Two product types that have been causing a lot of chatter in the growing community are carbohydrate (sugar) supplements and amino acid based additives. And for good reason. Sugars and amino acids are both interesting concepts in the context of plant nutrition and many experts consider them to be on the cutting edge. All sounds pretty exciting doesn't it? But before you rush off and buy that next fancy-labelled bottle of sugary or amino acid goodness, you really should get your head around some basic facts concerning these substances and the ability of plants to make use of them.


Carbohydrates – Are They Really 'Candy' For Your Plants?
You've probably heard the hype about carbs: "Feed your plants supplemental carbs and turn them into Olympic Gold Medal winners!"
So a grower walks into their local store, decides to buy a big bottle of some sugary carb supplement, with the intention of deploying it on his next res change. The notion is that the plants will suck up the carbs and get a boost of 'pure energy' without having to go through the hassle of producing them as a product of photosynthesis.
Errrr, sorry to spoil the big carb party, but it's not actually that straight forward. The carbohydrate supplement is definitely a case where theory got ahead of practice. In theory providing your plants with an array of simple and complex carbohydrates seems like a great idea. We all know that plants, driven by light energy and photosynthesis, produce sugar and starch. The plant uses this for growth and development. So the theory goes – if we supplement our nutrient solution with those very same sugars and starches, then the plant won't have to make them all for itself and can therefore devote its energy to other things – such as making big flowers and fruits! Alternatively, if the plant is undergoing a period of physical stress (such as flowering or fruiting) then the supplementation of those sugars and starches will enable the plant to grow and develop at warp speed as we have removed a limiting factor. Unfortunately all this seems feasible in a text book but, as usual, these things are rarely as simple in real life.
Why not? Well, put simply, it's one thing to supplement a plant with carbs in a lab, quite another to do so in vivo (real life – real situation.) You can inject carbs directly into a stem or a leaf, for instance, using laboratory techniques, but surely the crunch question is: can a plant uptake carbohydrates through its roots? I have been involved in research that aimed to determine whether plants could actually uptake and utilize carbohydrates and, if so, what could they uptake and utilize. Carbohydrates range in size from very small, simple structures like glucose or fructose through to enormously large, complex molecules like polysaccharides. So – did I find that plants could uptake simple and complex carbohydrates? Other than some very simple, and small carbohydrates (e.g. plain table sugar or fructose / glucose) plants essentially cannot take up other more complex carbohydrates through their root zone. Why? It's because of a unique little barrier in the roots called the Casparian strip – complete with his sidekick the endodermis. Essentially the Casparian strip forces everything, and that includes carbohydrates, through the endodermis to be actively selected or rejected for uptake.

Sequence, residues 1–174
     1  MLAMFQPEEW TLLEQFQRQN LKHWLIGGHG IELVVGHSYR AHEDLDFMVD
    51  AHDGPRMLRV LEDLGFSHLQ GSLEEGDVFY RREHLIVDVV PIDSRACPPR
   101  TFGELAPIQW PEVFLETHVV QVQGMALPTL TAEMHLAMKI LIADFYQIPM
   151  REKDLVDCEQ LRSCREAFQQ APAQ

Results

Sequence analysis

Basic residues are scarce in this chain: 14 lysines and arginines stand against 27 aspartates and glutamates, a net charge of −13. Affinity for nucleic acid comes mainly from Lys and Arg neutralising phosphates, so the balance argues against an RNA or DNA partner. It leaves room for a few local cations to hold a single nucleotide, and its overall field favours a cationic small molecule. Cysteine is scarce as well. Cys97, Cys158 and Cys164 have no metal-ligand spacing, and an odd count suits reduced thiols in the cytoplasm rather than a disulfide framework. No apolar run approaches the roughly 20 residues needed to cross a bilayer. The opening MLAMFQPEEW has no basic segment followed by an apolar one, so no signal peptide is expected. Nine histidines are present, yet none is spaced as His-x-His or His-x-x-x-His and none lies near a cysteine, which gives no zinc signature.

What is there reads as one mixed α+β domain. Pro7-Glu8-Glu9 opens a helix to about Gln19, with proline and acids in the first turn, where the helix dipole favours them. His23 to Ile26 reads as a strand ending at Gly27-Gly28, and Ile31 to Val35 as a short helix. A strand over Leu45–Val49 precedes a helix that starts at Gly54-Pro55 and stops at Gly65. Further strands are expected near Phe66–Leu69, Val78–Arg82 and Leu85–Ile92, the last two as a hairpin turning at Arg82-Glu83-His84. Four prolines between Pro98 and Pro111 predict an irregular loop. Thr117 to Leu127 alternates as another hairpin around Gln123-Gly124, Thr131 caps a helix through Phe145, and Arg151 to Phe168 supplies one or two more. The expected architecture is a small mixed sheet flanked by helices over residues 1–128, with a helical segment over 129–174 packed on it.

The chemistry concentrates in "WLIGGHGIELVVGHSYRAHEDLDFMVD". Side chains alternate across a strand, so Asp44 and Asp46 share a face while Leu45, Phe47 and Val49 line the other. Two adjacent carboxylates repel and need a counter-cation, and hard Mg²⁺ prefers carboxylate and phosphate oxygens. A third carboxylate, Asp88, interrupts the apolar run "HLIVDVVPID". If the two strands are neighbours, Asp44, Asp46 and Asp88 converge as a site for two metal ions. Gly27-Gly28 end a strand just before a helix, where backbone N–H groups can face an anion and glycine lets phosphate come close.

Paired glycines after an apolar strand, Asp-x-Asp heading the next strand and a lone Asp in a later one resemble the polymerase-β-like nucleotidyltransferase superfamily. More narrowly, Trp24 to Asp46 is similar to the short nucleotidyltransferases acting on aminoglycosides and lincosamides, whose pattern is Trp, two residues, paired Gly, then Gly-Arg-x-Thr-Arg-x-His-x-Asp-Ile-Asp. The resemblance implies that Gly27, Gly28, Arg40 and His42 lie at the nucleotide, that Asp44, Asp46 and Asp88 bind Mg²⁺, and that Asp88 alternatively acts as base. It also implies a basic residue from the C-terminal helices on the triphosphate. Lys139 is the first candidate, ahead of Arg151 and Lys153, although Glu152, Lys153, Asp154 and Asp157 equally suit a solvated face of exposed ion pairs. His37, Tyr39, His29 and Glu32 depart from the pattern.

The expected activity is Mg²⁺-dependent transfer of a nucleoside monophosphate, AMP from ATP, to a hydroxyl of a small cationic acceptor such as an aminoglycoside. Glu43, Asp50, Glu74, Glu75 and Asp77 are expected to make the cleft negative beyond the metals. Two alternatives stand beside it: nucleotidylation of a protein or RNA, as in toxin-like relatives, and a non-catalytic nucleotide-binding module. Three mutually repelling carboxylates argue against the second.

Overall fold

Ready For The Science Bit? Introducing The Casparian Strip – Your Plant's Very Own Homeland Security!
UG_2010-05_CasparianStrip_f-300x258.jpg
Inside the roots of your plants sits a very innocuous and extremely important band of cells – called the Casparian Strip. I like to think of this as a sort of "security guard" for your plant. It is used to block the passive flow of materials ( travelling between the cells), such as water and solutes into the main water carrying columns of the plant – the xylem and phloem. By doing this it forces everything to actively pass through or be rejected by the endodermis. Once within the epidermis, water passes through the cortex, mainly traveling between the cells. However, in order to enter the stele, it must pass through the cytoplasm of the cells of the endodermis. Once within the stele, water is free again to move between cells as well as through them. For solutes to pass through the endodermis they must be in inorganic, ionic form to be transported across to the stele. As you can see getting water and nutrients inside your plants is no easy process!
An interesting side note for people who grow with organic nutrients.
When you hear of the virtues of organic fertilizers, remember that such materials are unable to meet any nutritional needs of the plant until they have been degraded / converted into inorganic forms. Organic matter does play an important role in making good soil texture and rhizosphere health, but it can only meet the nutritional needs of the plant to the extent that it can yield inorganic ions. Once within the epidermis, only the inorganic ions pass inward from cell to cell.


Amino Acid supplements and supplementation – possible or possibilities?